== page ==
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Celebrating Japanese Design

Pickard Chilton’s experience in Japan brings a deep respect for designing buildings that recognize and pay homage to Japanese culture. Integral to our design approach for each project, we bring a sensitivity to the design process that considers opportunities to convey the rich culture through elegant design gestures, choice of materials, and placemaking.

Japan is world-renowned for its deep respect and reverence of nature. Historically and symbolically, this recognition of the natural environment has been reflected in Japanese culture through its art and architecture. Master planning and designing a built environment that captures the spirit of a community is fundamental and at the core of how we practice. Pickard Chilton is committed to creating unique and respectful built environments that will fully meet ambitions for the project while exceeding the expectations of those who live, visit, and work in the community.

Japan is an archipelago, a long chain of more than 6,000 islands, large and small, that represent an incredible diversity and spectrum of scale, culture, and ecology. From large to small, from the tropical south to the boreal forests of the north, it is the linking of this complex set of islands that has created the global identity of Japan.

For the Global Gateway Shinagawa project, the independent blocks of the master plan are conceptually analogous to islands of the Japanese archipelago. Just as the linking together of these diverse islands has created Japan, the connections between each block, each major building, and each piece of program within East Japan Railway Company's development will create the Shinagawa Archipelago – a place where diverse uses and programming are joined together to embody East Japan Railway Company’s vision of a global gateway for “transportation and communication, environment, and Japanese values.”

As one of the largest passenger railway companies in the world, East Japan Railway Company’s mission  has become more expansive to include transforming rail stations into mixed-use destinations that integrate office, hotel, transit, residential, retail, and cultural centers. Building from an extraordinary transportation infrastructure, East Japan Railway Company’s business and social objectives are aligned with the company’s strategic plan to increase connectivity to transit systems, create community through a vital human-scaled public realm, and transform the Shinagawa district into a vibrant mix of uses that will re-envision this historic district as a global center of business, mobility, culture, and ideas.

As a way to promote activity and soften the boundaries between interior and exterior space, a buffer zone along the Promenade is designed to accommodate the changing program and architecture of each block. Known as the 'Retail + Promenade Interface,' this type of condition occurs throughout the Shinagawa Archipelago. Embracing the Japanese design concept of 'engawa,' (縁側), a transitional outdoor hallway was designed in front of the lobby spaces to connect the inside and outside. As such the 'Retail + Promenade Interface' is both inside and outside as well as both public and private. This blend of ‘Interior + Exterior’ may be moderated by sliding walls or doors of varying levels of transparency. In good weather, screens or doors may be opened to bring in views, visitors, and fresh air. It is a place of gathering, meeting, and socializing – perfectly suited as a seating area.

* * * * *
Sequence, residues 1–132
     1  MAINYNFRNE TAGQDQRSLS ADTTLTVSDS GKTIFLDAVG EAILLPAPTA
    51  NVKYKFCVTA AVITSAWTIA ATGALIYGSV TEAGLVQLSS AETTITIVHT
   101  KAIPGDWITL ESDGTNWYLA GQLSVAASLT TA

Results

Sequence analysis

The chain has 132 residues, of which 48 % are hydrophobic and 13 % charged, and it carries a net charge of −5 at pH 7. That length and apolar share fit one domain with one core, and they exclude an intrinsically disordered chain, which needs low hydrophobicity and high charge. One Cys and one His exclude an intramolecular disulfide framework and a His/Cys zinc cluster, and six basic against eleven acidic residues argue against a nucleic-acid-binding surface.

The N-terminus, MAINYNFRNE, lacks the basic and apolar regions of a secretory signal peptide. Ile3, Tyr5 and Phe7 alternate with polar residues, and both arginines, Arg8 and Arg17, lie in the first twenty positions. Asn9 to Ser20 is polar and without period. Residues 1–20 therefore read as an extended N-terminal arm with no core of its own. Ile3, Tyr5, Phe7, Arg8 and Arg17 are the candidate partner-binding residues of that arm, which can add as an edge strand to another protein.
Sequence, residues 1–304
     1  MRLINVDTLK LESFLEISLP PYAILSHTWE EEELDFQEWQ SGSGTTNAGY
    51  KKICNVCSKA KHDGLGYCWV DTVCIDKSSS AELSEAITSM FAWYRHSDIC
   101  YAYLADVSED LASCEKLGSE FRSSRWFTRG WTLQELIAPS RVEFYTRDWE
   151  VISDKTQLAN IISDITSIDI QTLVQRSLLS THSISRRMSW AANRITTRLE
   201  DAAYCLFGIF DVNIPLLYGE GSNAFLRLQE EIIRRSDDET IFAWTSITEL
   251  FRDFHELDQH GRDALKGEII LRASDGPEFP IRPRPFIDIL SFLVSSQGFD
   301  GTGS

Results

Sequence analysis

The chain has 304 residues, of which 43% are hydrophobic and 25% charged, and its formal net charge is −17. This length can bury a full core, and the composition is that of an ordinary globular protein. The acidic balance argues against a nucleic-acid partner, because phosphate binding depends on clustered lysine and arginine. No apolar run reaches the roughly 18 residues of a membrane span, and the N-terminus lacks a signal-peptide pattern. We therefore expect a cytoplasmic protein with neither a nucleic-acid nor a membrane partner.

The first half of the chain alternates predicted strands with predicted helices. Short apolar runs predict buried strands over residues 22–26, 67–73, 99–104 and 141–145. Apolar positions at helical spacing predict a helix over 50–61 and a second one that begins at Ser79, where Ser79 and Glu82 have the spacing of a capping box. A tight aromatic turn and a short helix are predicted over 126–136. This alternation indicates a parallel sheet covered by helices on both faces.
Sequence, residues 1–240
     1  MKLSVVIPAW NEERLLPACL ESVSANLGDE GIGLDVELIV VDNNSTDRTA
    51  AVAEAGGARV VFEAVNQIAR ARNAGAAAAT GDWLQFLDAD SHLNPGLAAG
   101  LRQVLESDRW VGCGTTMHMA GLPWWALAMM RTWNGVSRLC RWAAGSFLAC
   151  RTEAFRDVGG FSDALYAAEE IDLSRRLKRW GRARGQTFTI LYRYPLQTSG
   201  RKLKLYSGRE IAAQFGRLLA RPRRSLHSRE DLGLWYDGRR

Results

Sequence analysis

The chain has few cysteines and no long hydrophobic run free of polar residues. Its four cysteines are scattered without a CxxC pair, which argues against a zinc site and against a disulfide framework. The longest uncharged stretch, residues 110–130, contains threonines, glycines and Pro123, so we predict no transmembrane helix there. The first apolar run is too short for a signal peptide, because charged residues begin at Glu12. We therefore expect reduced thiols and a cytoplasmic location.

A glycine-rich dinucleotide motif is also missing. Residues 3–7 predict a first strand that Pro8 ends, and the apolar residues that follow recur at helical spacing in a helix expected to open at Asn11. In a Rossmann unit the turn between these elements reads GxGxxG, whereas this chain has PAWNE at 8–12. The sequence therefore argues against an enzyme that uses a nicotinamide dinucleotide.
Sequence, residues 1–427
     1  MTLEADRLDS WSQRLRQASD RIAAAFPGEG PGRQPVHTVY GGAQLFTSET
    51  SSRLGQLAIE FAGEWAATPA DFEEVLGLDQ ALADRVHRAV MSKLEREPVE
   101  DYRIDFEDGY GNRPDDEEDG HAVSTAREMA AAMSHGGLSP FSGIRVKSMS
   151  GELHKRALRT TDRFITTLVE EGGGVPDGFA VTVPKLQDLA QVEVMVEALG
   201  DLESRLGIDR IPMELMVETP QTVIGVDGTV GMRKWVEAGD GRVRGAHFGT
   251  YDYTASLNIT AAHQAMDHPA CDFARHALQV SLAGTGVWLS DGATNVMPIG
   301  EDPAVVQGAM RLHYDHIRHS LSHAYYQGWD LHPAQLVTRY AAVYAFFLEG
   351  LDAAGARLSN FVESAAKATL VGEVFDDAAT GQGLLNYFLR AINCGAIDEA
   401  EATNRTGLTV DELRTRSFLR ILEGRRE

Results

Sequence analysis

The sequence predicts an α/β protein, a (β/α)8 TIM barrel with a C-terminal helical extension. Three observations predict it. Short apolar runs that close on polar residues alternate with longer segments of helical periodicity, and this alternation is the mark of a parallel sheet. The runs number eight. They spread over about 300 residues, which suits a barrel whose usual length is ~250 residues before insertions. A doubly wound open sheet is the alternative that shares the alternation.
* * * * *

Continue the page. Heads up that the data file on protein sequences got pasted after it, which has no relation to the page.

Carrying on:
The flowing lines and multiple layers of the jūnihitoe (十二単, “twelve layers”), a twelve-layer kimono, were inspirational to the enclosure design for Global Gateway Shinagawa. Akin to the multi-layered “jūnihitoe” kimonos, this layering effect has the potential to create a diverse and rich façade. As a result, the master plan has been crafted to not feel like a series of identical towers but rather a diverse set of beautiful, dynamic buildings.

Envisioned as an integrated and human-scaled urban community, the Tokyo Midtown Yaesu project is a 300,000 square meter high-rise mixed-use development comprising office space, a luxury hotel, and an elementary school atop a retail podium and a below-grade transportation hub. The 240-meter tower’s façade is gently curved to subtly contrast with the surrounding buildings. In acknowledging the historic Sotobori, an outer moat from Tokyo's Edo period, the gentle curves of the tower's and podium's forms were inspired by the flowing sails of the boats that once navigated the Sotobori. 

A modern interpretation of Japanese wooden fences was designed as a prominent feature wall in the tower’s main office lobby. The design respects and reflects the human-scaled nature of the lobby of Tokyo Midtown Yaesu, and the warm tones of its materials reaffirm the sense of an open and inviting culture.

Quoted in the recent monograph, The Art of Collaboration, East Japan Rail Company’s Yoshihiko Ito observes: 

“The architect’s sensitivity to the site’s location, history, and cultural significance was wonderfully expressed in representations of the design in Japanese-style woodcut prints that portrayed the master plan. This gesture of honoring the culture in which they were working was a memorable moment for the client… [Pickard Chilton] used the technique of historical carvings to express through their representation their understanding of the history. It tied into the cultural history of the site and the people who would use it. They created the architectural concept, which reflected our vision of the project — the history of the site, the memory of the shoreline. They captured the past and offered a vision of the future, which is what we wanted.”